By Megan Locke-Simpson, Courier staffMay 8, 2014
FORT CAMPBELL, Ky. -- If you happen upon a certain Fort Campbell Soldier-athlete mid-workout at her newest practice spot at the New Clarksville Base Physical Fitness Center near Gate 10, you can see the intensity in Spc. Angela Tisdale's face as sweat drops to the floor between drills.
The Soldier ventures out next month to take part in the Armed Forces Women's Basketball Trial and Training Camp, May 28-June 5 at Fort Indiantown Gap, Penn.
If selected, Tisdale will represent Fort Campbell on the Armed Forces team and participate in the Conseil International du Sport Militaire (CISM) competition in Meyenheim, France, June 15-22. The Armed Forces team will compete with other similar military teams from many other nations.
The honor and opportunity is great for the Soldier, whose only opportunity to compete on post is within the Fort Campbell Family and Morale, Welfare and Recreation Soldier basketball leagues. Tisdale also previously played for the post women's basketball team at U.S. Army Garrison Yongsan in Korea -- her first duty station.
"I've played different levels, but I never really played with the Army, so I really don't know what to expect going in," Tisdale said of the upcoming trial camp.
For the Public Health Command Soldier, who enlisted two years ago this February to become a veterinary food inspector, the "different levels" she speaks of are nothing to push under the rug. Tisdale was a third round draft pick for the Women's National Basketball Association's Chicago Sky in 2008, after playing four years on a full scholarship for Baylor University's Lady Bears. In her freshman season there, the team won the 2005 NCAA National Women's Basketball Championship.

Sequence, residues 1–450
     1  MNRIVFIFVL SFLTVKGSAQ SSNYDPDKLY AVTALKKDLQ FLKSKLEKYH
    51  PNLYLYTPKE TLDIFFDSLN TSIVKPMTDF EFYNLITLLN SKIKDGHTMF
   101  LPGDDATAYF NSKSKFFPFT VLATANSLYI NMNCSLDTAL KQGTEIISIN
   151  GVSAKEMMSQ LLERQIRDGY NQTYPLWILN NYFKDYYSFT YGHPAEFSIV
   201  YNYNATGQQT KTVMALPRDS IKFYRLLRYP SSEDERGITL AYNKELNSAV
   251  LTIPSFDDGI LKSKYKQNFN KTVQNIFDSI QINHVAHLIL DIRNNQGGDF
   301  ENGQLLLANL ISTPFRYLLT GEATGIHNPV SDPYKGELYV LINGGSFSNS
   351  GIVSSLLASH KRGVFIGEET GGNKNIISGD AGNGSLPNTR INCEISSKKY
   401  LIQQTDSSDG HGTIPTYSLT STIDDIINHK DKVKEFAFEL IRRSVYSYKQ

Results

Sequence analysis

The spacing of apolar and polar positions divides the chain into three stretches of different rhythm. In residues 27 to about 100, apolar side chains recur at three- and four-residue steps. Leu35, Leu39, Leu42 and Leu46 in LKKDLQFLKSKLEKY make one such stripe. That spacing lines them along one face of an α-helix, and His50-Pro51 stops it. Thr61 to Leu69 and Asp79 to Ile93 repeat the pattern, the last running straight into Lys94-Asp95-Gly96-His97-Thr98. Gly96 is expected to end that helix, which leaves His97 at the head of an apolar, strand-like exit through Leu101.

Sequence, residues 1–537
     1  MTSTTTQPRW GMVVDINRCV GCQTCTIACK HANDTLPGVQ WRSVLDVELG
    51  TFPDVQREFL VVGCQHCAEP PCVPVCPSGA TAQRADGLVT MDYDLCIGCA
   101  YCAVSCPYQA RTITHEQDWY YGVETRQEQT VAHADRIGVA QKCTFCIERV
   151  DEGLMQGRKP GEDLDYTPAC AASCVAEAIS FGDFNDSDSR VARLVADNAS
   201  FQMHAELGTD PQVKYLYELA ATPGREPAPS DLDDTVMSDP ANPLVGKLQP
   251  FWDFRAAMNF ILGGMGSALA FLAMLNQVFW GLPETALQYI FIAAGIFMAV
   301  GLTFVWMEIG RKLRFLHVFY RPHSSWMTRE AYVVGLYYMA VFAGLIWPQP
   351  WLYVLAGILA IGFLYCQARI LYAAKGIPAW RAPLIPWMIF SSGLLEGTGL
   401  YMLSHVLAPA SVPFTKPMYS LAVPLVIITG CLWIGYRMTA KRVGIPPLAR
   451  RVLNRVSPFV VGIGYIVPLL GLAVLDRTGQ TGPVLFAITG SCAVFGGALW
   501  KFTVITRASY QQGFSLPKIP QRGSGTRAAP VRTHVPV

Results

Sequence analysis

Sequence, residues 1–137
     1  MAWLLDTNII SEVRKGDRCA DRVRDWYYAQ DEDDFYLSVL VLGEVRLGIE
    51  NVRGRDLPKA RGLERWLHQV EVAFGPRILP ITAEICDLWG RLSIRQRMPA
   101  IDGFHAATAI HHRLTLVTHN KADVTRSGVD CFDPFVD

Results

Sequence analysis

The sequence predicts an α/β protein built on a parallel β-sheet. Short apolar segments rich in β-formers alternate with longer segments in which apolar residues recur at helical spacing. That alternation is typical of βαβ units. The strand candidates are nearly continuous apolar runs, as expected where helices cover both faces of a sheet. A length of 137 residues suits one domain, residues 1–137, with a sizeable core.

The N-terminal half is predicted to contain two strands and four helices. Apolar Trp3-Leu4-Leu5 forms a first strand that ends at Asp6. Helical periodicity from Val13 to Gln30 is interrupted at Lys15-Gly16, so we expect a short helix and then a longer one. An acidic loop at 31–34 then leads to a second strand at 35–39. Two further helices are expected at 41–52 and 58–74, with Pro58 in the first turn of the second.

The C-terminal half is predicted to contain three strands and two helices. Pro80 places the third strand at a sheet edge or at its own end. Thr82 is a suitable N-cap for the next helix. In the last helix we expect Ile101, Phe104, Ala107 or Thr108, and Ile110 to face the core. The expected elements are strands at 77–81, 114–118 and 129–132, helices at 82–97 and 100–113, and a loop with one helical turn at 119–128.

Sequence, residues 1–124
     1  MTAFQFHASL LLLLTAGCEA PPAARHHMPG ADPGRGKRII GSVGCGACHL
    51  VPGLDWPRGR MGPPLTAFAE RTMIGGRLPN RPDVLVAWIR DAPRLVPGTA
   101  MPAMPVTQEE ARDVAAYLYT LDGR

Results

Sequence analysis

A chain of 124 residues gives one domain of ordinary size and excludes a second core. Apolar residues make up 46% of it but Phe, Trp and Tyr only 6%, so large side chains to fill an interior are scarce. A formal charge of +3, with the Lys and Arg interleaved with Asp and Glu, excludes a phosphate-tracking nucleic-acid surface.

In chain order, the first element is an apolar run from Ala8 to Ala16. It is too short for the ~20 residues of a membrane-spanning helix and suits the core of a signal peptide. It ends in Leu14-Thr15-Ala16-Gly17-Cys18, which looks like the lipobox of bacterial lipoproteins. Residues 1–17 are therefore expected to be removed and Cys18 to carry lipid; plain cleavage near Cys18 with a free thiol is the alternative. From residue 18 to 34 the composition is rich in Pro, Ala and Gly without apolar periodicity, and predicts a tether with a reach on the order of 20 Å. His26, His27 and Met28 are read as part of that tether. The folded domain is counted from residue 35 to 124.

"By my senior year, I was leading Baylor in assists," the 29-year-old said.
Her professional basketball career continued overseas, where she played for five different countries.
"I won a championship in Bulgaria," she said. "I traveled the world a lot, so I had fun and it was a great experience."
Even with the championship, the 5-foot, 7-inch-tall point guard saw the downside of continuing her professional career.
"When I was overseas, a lot of people kept getting hurt and stuff, and they didn't have [anything] to fall back on," she said.
With this in the forefront of her mind, Tisdale considered her other options and liked the security and opportunity the Army provided. One of her goals in joining the Army included getting a master's degree. That goal is now closer to reality as she begins classes in May for a degree in Health Care Administration.
Tisdale's passion for basketball remains, and the Soldier-athlete continues to enjoy the game non-competitively as well. Tisdale is now working hard to provide basketball camp opportunities for local children, through a program called iHoop Productions. She offered free basketball clinics in March at Fort Campbell's Taylor Youth Center. For more information about upcoming programs, visit IHoop Pro on Facebook.
"I'm going to do another one in May," Tisdale said. "Then, I'm going to start charging for camps and personal training … We're starting off small right now, but we're trying to make it big.
"Some younger people don't know the game ... that's why I'm willing to do camps and stuff."
After a knee injury last year, Tisdale is still rehabbing carefully both on and off the court. While she prepares for the Armed Forces selections, she is excited to see what is to come.
"It's not so stressful," she said, of military basketball. "When I was overseas it was a job, so we had to produce every time. Now I'm just doing it for fun."